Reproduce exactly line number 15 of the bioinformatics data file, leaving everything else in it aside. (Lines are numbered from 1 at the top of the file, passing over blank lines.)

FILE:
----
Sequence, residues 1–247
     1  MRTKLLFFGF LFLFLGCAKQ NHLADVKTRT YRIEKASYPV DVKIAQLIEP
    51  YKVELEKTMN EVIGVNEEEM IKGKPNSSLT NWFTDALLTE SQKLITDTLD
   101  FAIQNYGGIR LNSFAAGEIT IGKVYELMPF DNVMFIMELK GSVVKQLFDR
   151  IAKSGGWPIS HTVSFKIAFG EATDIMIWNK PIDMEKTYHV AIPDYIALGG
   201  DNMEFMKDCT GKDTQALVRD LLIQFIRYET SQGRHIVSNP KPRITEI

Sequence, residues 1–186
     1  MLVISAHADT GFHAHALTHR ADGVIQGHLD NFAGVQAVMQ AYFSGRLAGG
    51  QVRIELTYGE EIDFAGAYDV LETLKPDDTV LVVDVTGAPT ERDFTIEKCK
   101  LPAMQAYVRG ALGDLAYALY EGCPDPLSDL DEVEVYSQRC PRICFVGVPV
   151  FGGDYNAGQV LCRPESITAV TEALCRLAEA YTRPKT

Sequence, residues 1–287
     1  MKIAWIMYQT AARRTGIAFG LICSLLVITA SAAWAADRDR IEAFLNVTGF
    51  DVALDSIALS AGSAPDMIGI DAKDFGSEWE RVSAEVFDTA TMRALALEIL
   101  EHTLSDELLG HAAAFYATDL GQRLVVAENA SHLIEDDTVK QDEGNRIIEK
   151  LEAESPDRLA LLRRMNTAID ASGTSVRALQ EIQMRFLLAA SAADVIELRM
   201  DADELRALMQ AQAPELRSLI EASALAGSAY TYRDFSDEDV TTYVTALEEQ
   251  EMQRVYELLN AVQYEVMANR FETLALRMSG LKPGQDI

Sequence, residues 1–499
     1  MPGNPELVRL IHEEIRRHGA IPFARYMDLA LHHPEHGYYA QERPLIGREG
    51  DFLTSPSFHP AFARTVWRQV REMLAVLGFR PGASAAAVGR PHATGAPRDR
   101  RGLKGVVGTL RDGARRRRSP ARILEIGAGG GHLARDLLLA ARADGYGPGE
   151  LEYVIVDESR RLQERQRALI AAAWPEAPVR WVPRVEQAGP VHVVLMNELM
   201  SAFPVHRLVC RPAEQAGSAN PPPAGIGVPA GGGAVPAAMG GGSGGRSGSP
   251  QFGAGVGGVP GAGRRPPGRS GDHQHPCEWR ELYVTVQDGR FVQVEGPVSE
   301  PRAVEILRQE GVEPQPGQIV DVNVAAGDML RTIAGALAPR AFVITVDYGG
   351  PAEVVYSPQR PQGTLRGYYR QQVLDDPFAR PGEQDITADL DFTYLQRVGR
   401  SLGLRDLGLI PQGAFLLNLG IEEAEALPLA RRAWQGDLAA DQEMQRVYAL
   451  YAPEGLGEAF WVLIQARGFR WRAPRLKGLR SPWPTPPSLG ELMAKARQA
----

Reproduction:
   101  EHTLSDELLG HAAAFYATDL GQRLVVAENA SHLIEDDTVK QDEGNRIIEK